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Ike: An American Hero

Michael Korda (HarperCollins)

The morning after the 1952 presidential election, I came downstairs to find a letter from my father lying on the dining room table amid tote sheets of electoral votes filled out in his neat hand. Addressed to his three sons, the letter told of how deeply disappointed he was that the American people had been so blinded by “the glitter of hero worship” that they rejected a wonderful intellectual, Adlai Stevenson, and instead elected a shallow five-star general named Eisenhower. My father, a lifelong Chicago Democrat, warned of disaster ahead for the nation.

But my father—bless him—was wrong. Disaster did not befall America in the 1950s. Indeed, our recollections of those times tend to center on pleasant images of tree-lined suburbs, Leave It to Beaver, and Ford Fairlanes with big fins. Ike acted like a semiretired president, shuffling a few papers in the morning in the Oval Office before taking the afternoon off for golf. This was a deeply uninteresting period in American history.

Not so, argues Michael Korda in his new book Ike: An American Hero. The 1950s were dangerous times full of dramatic changes. Ike led the nation through those dangers with such equanimity—especially in foreign affairs—that the Eisenhower years only seem dull. “The roots of the student risings, the civil rights movement, and much of the Sturm und Drang of the 1960s and the early 1970s can be found in the 1950s, when, in fact, there was a good deal more going on in American life than anybody is conscious of today,” writes Korda. Of course, the aging and ailing Ike was going to look stodgy compared to what followed: the youth and vigor of John Kennedy’s administration and the sex, drugs, and revolution of the 1960s. Today Ike has fallen almost completely out of fashion. Republicans venerate Ronald Reagan. Even George W. Bush says he likes Truman, not Ike.

Ike’s image problem, explains Korda, is that the history of World War II is now told though the tales of the ordinary citizen soldiers, hallowed members of the Greatest Generation. It’s all about the Band of Brothers. Korda, however, believes that history is formed by great men, and Eisenhower was truly one of the greatest. Ike had a “core of steel” when he “successfully commanded millions of men in battle” and “made perhaps the most difficult far-reaching military decisions of all time.” In well-written prose, Korda follows Ike from his Kansas roots, where he was poor but committed to education, hard work, and self-reliance; through his days at West Point, where his grades were average but his temperament was “easygoing, good-natured and affable” (despite contradictory indications of a hot temper); to his days as a professional soldier, when he labored under such formidable mentors as John J. Pershing and Douglas MacArthur. Korda is a master at thumbnail sketches of the other great men. He dismisses MacArthur: “Like one of the more difficult Shakespearean kings, [MacArthur] had a majestic sense of self.” George Patton, all glittery in his multistarred uniform, and Bernard Montgomery, baggy and rumpled in his, are equally ravaged as difficult megalomaniacs. Ike’s straightforward personality shines in contrast.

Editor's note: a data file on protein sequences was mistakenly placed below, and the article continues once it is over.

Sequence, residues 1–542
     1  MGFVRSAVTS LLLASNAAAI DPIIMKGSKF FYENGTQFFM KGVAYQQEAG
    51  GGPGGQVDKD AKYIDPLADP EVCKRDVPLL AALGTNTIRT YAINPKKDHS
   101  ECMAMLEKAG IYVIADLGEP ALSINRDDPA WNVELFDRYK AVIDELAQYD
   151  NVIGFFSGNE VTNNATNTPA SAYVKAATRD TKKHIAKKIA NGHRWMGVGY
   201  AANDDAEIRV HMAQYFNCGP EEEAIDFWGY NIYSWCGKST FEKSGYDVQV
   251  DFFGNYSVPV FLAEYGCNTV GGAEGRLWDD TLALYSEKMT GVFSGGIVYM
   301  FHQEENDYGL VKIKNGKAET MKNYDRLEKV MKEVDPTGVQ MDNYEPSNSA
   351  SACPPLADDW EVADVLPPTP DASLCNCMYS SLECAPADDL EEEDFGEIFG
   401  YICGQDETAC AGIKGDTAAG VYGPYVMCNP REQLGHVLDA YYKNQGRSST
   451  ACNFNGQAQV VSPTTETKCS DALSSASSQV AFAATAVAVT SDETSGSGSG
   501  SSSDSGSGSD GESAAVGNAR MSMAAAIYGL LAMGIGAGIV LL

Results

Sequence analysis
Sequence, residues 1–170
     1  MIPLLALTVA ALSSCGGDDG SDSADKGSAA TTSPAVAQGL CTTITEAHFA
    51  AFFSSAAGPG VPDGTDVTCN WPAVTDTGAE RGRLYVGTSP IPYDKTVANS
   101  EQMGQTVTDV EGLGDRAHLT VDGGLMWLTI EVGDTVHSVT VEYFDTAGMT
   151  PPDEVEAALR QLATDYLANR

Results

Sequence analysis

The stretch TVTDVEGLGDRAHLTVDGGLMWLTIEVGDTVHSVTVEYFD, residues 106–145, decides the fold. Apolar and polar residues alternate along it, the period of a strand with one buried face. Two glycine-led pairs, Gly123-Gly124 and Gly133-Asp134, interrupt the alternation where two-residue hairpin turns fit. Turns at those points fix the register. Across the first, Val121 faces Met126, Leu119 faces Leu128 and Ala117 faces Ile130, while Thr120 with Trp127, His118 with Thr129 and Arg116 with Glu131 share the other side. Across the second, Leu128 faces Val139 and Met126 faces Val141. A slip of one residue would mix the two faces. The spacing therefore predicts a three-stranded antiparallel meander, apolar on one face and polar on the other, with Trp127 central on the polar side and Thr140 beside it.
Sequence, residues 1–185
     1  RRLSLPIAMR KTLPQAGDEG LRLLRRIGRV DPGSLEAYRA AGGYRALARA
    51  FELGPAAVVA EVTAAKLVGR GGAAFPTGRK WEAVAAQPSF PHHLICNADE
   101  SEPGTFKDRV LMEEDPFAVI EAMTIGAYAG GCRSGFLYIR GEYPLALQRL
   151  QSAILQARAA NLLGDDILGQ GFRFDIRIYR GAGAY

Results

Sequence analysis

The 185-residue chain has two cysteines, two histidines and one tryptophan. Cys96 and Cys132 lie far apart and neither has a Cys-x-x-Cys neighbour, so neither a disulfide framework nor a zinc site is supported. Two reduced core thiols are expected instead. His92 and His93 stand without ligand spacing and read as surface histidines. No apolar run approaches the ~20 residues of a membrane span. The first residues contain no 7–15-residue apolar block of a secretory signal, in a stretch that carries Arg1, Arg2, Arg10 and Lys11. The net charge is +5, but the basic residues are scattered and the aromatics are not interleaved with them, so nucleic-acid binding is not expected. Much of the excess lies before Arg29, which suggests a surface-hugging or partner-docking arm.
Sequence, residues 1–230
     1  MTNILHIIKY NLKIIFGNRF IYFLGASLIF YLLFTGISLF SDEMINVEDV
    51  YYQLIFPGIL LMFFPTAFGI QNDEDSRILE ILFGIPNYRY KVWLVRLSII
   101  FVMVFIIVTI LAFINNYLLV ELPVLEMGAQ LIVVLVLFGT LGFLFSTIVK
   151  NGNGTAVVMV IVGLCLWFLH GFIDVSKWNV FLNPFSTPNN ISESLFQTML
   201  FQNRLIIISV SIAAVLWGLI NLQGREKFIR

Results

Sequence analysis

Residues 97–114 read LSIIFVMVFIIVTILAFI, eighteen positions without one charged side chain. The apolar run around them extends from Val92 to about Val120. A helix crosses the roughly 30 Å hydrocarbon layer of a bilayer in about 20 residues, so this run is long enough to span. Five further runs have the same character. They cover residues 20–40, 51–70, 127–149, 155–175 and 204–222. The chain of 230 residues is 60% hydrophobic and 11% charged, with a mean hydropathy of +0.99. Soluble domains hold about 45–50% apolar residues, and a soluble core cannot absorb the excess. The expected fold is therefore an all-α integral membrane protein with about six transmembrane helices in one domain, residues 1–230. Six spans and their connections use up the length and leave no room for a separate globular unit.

The bulk of this massive, 780-page book is about Ike’s military campaigns in North Africa and Europe. Korda was at one time editor-in-chief at Simon & Schuster and something of an intimidating Shakespearean character himself. Probably no editor dared cut the former master’s book down to a more manageable size. So there are lots of pages comparing Ike favorably with other great military leaders, especially Ulysses S. Grant, a general Korda also profiled as a neglected hero, in an earlier book. And there are long, long chapters on Ike’s command decisions in Italy and on D-Day. Ike had as many headaches dealing with his commanders, especially Monty and Patton, as he had coping with the Germans.

By the time the war is won and Ike does his victory laps around the world, there is not much room left in the book for his eight years as president. He successfully applied his organizational strengths to the White House. He was not an ideologue and thus never won the heart of the Republican Party’s right wing. Ike never shared the crass political ambitions of his vice president, Richard Nixon, a man he treated with disdain. He disliked Joe McCarthy and supported—perhaps not vigorously enough—the civil rights struggle unfolding across America. He was, most of all, a talented internationalist who ended the Korean War, managed the recurring crises in the cold war with aplomb, and kept America out of any new war.

As an exercise in restoring Ike to the pantheon of great American heroes, the book is eminently successful. Korda reminds us of Eisenhower’s accomplishments and the strength of his character, which exemplifies the best of America. There’s not a lot of new scholarship here. If the footnotes are anything to judge by, Korda drew most of his information from Ike’s memoirs and those of his friends. Yet although Korda did not bother diving into the archives, he successfully captures the mood of the times and the nature of the man in an easy-reading, albeit lengthy, book.

The night of the 1960 election, my father and I followed the election results on TV together. He was so pleased. JFK, a Democrat—and a Catholic!—won. Things were looking up. America was set for smooth sailing in the ’60s. Wrong again, Dad.

Barry Hillenbrand was a foreign correspondent for Time magazine for 34 years before retiring in 2001. He lives in Washington, D.C.

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